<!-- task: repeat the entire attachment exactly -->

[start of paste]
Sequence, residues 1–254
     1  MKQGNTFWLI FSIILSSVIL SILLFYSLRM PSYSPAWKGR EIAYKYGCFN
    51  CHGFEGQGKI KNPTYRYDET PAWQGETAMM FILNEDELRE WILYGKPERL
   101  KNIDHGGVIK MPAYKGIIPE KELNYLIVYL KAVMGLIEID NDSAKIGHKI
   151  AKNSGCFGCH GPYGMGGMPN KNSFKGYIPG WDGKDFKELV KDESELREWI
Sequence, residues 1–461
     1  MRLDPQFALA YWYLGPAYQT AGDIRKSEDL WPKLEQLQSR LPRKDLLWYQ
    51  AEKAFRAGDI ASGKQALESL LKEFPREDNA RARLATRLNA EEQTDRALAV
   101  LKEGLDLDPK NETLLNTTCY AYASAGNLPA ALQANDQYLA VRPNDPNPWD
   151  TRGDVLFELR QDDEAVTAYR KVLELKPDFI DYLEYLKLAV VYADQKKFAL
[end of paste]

Sequence, residues 1–254
     1  MKQGNTFWLI FSIILSSVIL SILLFYSLRM PSYSPAWKGR EIAYKYGCFN
    51  CHGFEGQGKI KNPTYRYDET PAWQGETAMM FILNEDELRE WILYGKPERL
   101  KNIDHGGVIK MPAYKGIIPE KELNYLIVYL KAVMGLIEID NDSAKIGHKI
   151  AKNSGCFGCH GPYGMGGMPN KNSFKGYIPG WDGKDFKELV KDESELREWI
Sequence, residues 1–461
     1  MRLDPQFALA YWYLGPAYQT AGDIRKSEDL WPKLEQLQSR LPRKDLLWYQ
    51  AEKAFRAGDI ASGKQALESL LKEFPREDNA RARLATRLNA EEQTDRALAV
   101  LKEGLDLDPK NETLLNTTCY AYASAGNLPA ALQANDQYLA VRPNDPNPWD
   151  TRGDVLFELR QDDEAVTAYR KVLELKPDFI DYLEYLKLAV VYADQKKFAL